How to Teach a Fearful Dog to Love Again: A Trainer’s Guide to Bonding with Your Rescue Dog
Whether your dog was simply born with a wimpy personality or was damaged by a traumatic experience, you can turn him around with the right training and bonding techniques. What follows is a step-by-step guide to help you start the bonding process with your rescue dog and turn him into a happy, healthy, trusting dog.
Dogs, like humans, have a multitude of emotions, including fear. In many cases, it’s fear of the unknown: of thunder, fireworks, new situations, children, dogs, people, even objects like strollers or vacuum cleaners. So how do we break through that fear? There’s no “one-size-fits-all” approach, and it depends a lot on the dog’s personality, age, history, and breed. But there are some basic principles that work for every dog.
Bonding with a rescue dog: first steps
Dogs are man's best friend for a reason: they are lovable, loyal and endearing, and make excellent companions. But owning a dog can be a big responsibility; if you get one without properly preparing for the task, you may find yourself struggling to cope. One of the most important things you can do before bringing a dog into your home is to make sure you have the time, energy and resources to provide for your new friend.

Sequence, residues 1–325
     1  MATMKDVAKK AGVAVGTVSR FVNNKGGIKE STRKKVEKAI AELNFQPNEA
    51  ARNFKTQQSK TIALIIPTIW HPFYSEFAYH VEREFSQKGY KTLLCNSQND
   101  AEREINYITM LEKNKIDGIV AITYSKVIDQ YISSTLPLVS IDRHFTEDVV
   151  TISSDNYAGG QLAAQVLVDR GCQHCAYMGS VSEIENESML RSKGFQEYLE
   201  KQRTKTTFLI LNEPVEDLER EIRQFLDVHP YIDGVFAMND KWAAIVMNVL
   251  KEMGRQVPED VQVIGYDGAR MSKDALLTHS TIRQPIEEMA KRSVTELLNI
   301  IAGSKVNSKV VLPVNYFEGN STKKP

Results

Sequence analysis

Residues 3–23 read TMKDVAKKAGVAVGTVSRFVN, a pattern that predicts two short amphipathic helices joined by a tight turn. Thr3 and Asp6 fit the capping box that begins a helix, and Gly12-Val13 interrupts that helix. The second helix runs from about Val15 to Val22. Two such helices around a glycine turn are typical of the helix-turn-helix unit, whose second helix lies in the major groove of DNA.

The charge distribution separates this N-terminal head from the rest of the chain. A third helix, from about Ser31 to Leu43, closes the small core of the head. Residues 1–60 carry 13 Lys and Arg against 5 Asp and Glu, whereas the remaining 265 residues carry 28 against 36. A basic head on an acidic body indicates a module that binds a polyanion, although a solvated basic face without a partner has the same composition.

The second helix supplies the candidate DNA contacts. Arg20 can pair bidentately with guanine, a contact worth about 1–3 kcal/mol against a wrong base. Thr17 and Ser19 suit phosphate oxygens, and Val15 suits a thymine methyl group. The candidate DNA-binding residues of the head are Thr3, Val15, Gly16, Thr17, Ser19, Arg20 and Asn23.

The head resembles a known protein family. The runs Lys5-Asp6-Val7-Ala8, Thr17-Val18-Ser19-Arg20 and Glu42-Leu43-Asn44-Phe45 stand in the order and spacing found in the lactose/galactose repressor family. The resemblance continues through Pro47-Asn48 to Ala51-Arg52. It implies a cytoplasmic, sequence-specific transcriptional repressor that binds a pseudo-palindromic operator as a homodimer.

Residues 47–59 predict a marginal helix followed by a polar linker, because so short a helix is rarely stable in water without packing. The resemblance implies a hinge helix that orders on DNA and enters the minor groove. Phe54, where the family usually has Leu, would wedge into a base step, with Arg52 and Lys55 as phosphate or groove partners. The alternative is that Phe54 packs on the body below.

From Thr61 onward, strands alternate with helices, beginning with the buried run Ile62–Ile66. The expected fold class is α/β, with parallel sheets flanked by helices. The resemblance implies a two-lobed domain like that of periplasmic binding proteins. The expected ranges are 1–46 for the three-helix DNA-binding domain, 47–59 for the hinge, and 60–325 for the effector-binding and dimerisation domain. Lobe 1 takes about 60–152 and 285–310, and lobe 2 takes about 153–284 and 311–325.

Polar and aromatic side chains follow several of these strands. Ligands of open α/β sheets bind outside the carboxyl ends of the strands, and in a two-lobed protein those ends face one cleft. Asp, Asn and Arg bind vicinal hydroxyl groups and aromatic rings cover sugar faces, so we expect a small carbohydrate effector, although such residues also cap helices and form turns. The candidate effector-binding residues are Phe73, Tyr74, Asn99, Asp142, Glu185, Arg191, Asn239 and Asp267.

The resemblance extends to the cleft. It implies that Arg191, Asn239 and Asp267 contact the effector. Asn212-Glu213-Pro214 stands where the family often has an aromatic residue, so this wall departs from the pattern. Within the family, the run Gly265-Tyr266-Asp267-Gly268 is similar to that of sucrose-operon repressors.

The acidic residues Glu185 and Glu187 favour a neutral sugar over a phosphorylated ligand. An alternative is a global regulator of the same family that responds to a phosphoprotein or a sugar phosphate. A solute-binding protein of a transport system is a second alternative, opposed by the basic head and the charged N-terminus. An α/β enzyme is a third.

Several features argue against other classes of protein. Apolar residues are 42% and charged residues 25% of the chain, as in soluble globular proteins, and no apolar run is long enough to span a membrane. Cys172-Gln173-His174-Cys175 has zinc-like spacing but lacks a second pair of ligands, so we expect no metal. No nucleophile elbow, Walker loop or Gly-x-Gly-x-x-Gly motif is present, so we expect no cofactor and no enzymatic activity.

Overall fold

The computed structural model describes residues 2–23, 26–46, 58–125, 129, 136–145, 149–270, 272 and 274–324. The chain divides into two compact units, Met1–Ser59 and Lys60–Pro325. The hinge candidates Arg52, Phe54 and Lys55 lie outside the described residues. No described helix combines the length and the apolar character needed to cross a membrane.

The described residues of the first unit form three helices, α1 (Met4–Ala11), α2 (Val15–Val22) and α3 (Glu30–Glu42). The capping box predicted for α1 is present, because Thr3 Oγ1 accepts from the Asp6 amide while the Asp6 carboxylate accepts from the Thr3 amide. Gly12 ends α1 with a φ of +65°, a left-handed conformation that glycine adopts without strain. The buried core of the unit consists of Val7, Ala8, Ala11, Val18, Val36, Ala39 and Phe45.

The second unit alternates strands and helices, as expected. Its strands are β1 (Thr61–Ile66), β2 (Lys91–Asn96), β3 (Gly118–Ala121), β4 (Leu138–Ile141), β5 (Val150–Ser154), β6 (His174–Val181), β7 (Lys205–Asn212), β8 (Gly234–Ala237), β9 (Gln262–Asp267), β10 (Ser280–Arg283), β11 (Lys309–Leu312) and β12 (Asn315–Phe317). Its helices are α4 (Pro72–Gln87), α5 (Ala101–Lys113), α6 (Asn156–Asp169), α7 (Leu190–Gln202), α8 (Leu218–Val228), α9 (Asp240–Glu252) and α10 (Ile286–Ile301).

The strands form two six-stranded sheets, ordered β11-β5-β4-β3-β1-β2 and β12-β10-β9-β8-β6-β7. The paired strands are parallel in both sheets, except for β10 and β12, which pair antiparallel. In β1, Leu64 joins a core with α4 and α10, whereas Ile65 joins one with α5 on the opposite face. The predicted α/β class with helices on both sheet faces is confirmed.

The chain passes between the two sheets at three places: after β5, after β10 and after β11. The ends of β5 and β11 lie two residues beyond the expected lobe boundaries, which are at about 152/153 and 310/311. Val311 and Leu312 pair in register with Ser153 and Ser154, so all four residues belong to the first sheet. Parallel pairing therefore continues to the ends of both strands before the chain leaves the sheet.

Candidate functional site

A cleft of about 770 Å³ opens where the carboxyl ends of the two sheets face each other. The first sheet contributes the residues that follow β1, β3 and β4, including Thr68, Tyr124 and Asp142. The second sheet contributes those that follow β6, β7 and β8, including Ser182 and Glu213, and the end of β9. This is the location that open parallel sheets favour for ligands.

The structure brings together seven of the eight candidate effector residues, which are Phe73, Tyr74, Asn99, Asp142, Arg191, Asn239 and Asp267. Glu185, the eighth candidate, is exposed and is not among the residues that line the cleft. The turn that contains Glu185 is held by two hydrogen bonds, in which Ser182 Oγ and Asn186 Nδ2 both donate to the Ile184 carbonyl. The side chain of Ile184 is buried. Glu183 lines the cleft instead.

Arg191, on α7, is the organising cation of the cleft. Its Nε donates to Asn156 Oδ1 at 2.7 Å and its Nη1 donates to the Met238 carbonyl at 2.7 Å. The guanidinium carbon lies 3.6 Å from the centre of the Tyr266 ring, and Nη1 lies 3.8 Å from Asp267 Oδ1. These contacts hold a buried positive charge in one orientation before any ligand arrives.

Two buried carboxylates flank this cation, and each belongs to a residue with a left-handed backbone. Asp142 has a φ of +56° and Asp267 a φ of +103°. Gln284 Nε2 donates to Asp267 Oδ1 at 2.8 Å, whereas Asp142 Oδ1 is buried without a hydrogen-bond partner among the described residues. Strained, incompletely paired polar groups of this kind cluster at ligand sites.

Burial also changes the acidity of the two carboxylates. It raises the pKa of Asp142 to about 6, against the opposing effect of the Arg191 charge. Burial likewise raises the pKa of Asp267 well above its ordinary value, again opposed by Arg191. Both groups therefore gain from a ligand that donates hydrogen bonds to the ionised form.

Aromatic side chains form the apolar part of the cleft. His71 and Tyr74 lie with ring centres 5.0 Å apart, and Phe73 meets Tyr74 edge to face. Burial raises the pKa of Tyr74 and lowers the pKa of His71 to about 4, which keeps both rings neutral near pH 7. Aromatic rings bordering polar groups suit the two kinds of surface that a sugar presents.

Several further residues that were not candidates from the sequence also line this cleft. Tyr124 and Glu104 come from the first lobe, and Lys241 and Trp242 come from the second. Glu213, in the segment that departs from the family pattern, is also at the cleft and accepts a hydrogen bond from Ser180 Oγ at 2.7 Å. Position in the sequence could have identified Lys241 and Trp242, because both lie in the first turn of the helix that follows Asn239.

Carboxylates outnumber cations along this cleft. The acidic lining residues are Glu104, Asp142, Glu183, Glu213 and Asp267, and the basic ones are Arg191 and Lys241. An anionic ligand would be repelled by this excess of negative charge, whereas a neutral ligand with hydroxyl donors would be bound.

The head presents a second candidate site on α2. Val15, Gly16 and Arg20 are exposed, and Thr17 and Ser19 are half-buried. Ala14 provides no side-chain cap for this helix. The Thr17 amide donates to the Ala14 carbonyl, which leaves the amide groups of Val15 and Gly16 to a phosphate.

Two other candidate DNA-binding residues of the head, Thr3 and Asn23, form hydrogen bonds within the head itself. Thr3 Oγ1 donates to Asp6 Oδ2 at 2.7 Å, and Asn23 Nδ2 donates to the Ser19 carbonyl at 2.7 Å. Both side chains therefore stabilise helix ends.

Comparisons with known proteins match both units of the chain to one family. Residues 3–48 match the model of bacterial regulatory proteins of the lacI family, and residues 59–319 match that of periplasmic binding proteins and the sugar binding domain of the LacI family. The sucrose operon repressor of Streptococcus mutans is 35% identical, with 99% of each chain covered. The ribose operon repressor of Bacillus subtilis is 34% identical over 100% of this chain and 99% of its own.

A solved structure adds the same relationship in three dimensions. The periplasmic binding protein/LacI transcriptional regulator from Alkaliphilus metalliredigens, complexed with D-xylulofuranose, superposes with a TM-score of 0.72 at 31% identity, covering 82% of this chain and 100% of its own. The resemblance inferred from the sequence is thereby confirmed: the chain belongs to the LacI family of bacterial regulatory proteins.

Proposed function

When you bring a rescue dog into your home, it's important to start building a bond early on. When you're bringing a new pet home, it's important to make them feel welcome, and to make sure they have their own place in your home. Having their own space will help them feel comfortable in their new surroundings, and help you make sure they have a place that is truly their own. A crate is a great place for this, and it will also give them a safe place to retreat when they aren't feeling well or are feeling overwhelmed.
Give your new rescue dog space
If your new dog is a rescue, chances are he’s going to have some issues. You want to give him a loving and warm home, but it’s also important to respect his past and give him some space. To do this, you should avoid petting or snuggling him too much right away. Spend some time with him and get him used to your presence, but also give him the space he needs to find his own way.